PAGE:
My son is the worst player on this team.
He seldom kicks or throws. Mostly, he skips. When the ball rolls his way, he falls on it, like a grenade, or picks it up and runs, which is frowned upon in soccer. Unless you’re the goalie. Which he isn’t. Because they don’t have those in his league. But that does not stop him from lurking in the box. Not in an effort to deflect scoring, but rather to hang from the goal post and entangle himself in the net. Last week, he started a game of tag during the second quarter. He swatted an opponent and yelled, “You’re it,” before running away down the sideline.
On the way to today’s game, we talked about hugging, and how we weren’t going to embrace our teammates so hard they fell over. “Purple Penguins don’t hug,” I reprimanded, but he has the memory of a goldfish. Just now, I watched my son ninja kick a child who was trying to pass him the ball, and I wonder if we shouldn’t have stuck with the embrace. Afterwards, he ran over to the bleachers to offer onlookers high fives.
Since we only play four on four, everyone rotates out frequently. But even on the sideline my kid is trouble. He karate chops the water bottles, kicks the practice balls into the woods, and sometimes leaves the field entirely to come lay on my blanket and ask me for his post-game apple juice.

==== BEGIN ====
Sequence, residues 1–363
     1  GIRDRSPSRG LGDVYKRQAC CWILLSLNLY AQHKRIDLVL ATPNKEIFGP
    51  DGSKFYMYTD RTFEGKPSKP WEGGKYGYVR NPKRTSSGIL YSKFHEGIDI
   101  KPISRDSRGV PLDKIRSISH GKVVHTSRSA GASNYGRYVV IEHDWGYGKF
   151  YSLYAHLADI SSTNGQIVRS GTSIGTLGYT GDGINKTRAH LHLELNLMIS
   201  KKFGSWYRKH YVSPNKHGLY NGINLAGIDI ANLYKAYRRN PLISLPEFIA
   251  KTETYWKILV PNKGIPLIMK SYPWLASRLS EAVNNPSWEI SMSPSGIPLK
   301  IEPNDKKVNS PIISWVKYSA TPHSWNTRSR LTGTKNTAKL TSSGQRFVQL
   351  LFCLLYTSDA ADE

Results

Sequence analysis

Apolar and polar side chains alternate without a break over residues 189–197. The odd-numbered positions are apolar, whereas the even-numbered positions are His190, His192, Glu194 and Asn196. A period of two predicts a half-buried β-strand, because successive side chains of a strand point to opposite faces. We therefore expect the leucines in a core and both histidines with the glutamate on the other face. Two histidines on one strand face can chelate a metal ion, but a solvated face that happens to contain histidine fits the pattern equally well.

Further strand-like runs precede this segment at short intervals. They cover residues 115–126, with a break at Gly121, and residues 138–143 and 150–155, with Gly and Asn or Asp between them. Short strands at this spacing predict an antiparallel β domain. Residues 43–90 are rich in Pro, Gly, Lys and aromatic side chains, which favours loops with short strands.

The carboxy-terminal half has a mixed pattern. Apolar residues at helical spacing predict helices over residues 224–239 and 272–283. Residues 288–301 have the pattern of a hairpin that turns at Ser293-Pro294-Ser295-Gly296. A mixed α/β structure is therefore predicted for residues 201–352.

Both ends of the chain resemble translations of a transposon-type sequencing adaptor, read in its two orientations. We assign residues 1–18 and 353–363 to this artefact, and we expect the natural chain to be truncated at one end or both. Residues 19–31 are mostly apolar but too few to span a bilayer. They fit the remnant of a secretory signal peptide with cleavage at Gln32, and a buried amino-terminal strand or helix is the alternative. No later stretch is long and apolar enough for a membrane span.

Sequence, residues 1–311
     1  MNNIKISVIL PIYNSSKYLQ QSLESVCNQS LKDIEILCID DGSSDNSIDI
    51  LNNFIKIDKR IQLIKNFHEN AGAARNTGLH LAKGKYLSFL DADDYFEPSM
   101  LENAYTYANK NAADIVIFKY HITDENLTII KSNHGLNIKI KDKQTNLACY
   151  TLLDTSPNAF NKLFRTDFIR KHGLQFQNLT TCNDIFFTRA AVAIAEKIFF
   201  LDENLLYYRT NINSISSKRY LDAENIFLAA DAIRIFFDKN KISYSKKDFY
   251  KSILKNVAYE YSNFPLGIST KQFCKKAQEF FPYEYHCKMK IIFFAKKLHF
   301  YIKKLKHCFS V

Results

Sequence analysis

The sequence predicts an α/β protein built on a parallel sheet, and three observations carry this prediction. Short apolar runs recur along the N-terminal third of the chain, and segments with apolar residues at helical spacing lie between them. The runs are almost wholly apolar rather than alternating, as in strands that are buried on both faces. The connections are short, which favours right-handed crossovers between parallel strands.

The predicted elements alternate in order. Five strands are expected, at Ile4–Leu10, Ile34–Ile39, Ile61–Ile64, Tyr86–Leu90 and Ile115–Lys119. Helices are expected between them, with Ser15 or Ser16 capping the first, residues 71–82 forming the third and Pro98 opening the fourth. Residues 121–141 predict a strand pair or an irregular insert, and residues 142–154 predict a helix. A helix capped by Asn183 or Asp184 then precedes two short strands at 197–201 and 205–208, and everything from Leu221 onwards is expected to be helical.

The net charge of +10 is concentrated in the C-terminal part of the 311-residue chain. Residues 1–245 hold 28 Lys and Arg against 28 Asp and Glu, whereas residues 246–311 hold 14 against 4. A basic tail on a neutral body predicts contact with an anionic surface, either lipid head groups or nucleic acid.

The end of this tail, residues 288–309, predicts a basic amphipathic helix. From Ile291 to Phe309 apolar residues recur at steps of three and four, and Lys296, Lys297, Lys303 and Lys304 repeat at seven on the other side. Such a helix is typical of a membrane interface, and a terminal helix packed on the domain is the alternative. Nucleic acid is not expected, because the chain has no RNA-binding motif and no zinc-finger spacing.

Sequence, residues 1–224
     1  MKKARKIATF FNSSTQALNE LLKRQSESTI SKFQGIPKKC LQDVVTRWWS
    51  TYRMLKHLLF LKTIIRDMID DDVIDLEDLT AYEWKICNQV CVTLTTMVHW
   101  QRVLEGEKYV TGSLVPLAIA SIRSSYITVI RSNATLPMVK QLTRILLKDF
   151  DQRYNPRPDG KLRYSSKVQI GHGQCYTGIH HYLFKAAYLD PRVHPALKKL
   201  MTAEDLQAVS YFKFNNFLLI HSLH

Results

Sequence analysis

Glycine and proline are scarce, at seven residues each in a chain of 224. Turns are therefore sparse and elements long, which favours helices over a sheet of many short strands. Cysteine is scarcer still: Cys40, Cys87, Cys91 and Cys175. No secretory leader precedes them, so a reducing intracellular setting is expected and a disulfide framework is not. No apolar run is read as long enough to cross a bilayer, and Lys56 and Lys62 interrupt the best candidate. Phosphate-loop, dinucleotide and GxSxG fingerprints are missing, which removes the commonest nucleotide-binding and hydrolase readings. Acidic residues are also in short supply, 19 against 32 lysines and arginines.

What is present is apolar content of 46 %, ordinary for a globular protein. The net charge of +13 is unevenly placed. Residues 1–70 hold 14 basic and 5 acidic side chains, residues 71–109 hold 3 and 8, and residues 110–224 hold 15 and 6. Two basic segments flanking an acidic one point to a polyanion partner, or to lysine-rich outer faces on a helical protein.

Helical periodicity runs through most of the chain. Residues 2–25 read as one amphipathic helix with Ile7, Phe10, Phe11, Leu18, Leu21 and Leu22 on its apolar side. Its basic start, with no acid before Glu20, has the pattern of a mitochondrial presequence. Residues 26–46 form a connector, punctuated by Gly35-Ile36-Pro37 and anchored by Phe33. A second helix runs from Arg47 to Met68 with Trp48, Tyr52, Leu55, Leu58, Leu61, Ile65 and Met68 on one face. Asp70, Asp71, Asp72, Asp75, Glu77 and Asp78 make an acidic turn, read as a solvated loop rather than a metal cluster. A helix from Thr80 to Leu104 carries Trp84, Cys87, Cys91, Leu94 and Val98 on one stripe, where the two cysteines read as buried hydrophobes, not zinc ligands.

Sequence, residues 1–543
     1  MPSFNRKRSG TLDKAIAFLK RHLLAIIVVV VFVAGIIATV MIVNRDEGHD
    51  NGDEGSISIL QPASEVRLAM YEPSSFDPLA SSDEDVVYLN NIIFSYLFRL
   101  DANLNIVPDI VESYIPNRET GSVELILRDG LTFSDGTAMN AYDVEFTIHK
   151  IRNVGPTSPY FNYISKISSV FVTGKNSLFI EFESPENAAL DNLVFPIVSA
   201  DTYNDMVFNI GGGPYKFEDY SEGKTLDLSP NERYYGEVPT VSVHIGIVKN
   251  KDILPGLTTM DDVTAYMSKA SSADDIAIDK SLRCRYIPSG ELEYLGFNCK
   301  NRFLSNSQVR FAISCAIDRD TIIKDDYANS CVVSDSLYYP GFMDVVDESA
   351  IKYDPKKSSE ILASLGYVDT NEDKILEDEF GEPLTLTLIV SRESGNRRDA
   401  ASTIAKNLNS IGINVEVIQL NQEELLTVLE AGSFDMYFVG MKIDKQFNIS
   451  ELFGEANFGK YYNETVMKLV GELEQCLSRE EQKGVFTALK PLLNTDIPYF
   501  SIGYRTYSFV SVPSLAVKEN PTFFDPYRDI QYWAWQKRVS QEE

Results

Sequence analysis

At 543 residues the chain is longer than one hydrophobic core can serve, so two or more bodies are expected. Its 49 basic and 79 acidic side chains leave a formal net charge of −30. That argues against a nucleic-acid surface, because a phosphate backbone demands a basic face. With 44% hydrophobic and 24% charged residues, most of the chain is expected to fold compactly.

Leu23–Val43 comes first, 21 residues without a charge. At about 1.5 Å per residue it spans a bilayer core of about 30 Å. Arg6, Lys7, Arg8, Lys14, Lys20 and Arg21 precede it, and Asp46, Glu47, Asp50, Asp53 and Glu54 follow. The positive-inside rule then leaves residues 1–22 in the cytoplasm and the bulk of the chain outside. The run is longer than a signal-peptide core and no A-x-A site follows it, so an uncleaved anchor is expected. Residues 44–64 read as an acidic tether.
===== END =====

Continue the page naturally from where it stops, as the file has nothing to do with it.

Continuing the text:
He is prone to lollygagging, even during play. When he gets tired or bored or a hankering to cloud watch, he simply lays down in the middle of the field. The other kids dribble around him, or leap over, like cheetahs to his sleeping gazelle. But today, the warm-up seems to have made an impression on him. He’s been doing arm circles for most of the third quarter.
I am embarrassed every time we come here. For the first few practices, I apologized to the other parents. “He’s small for his age,” I said. Or, “He’s never like this at home.” But an apology is only as good as the mitigation of the offending behavior, and it is obvious that my influence over sport decorum is limited at best.
In fact, the only card I really have to play is to pull him from the team. It is likely that the other children would have a better experience if my kid was not there. Every chain has its weak link, every ladder its bottom rung, and every litter has its runt. When it comes to this soccer team, my child is all of the above. Of course, I remember studying group behavior in a college psych class. Even when the “problem child” was removed, someone else just stepped in to take his place. I tell myself that if it was not my son somersaulting in midfield, it would simply be someone else’s.
The one thing we have going for us is that Coach Fox is obviously short-listed for canonization. At the close of every game, he and Henry exchange fist pumps, and he says, “Great job today, buddy!” As though he really means it. As though he has utterly forgotten that Henry spent the bulk of the first quarter grabbing him in the ass.
And so week after week, we don shin guards and bright purple socks, and my son, the runt, the problem, the slacker, happily reports for duty on field 5, much to the dismay of parents and caregivers. Because despite Henry’s skill-less-ness, this is his favorite sport. He wakes up every morning asking, “Is today a soccer day?” And let’s out a squeal when it is, it is, it is.
He is the worst player on the team. There is no doubt about it. But what separates us from the animals, I think, is that we let all the children play together. Cheetahs and penguins, goldfish and gazelles all have their time in the sun. It is a game, after all. And they are children. Ninja kicks and all.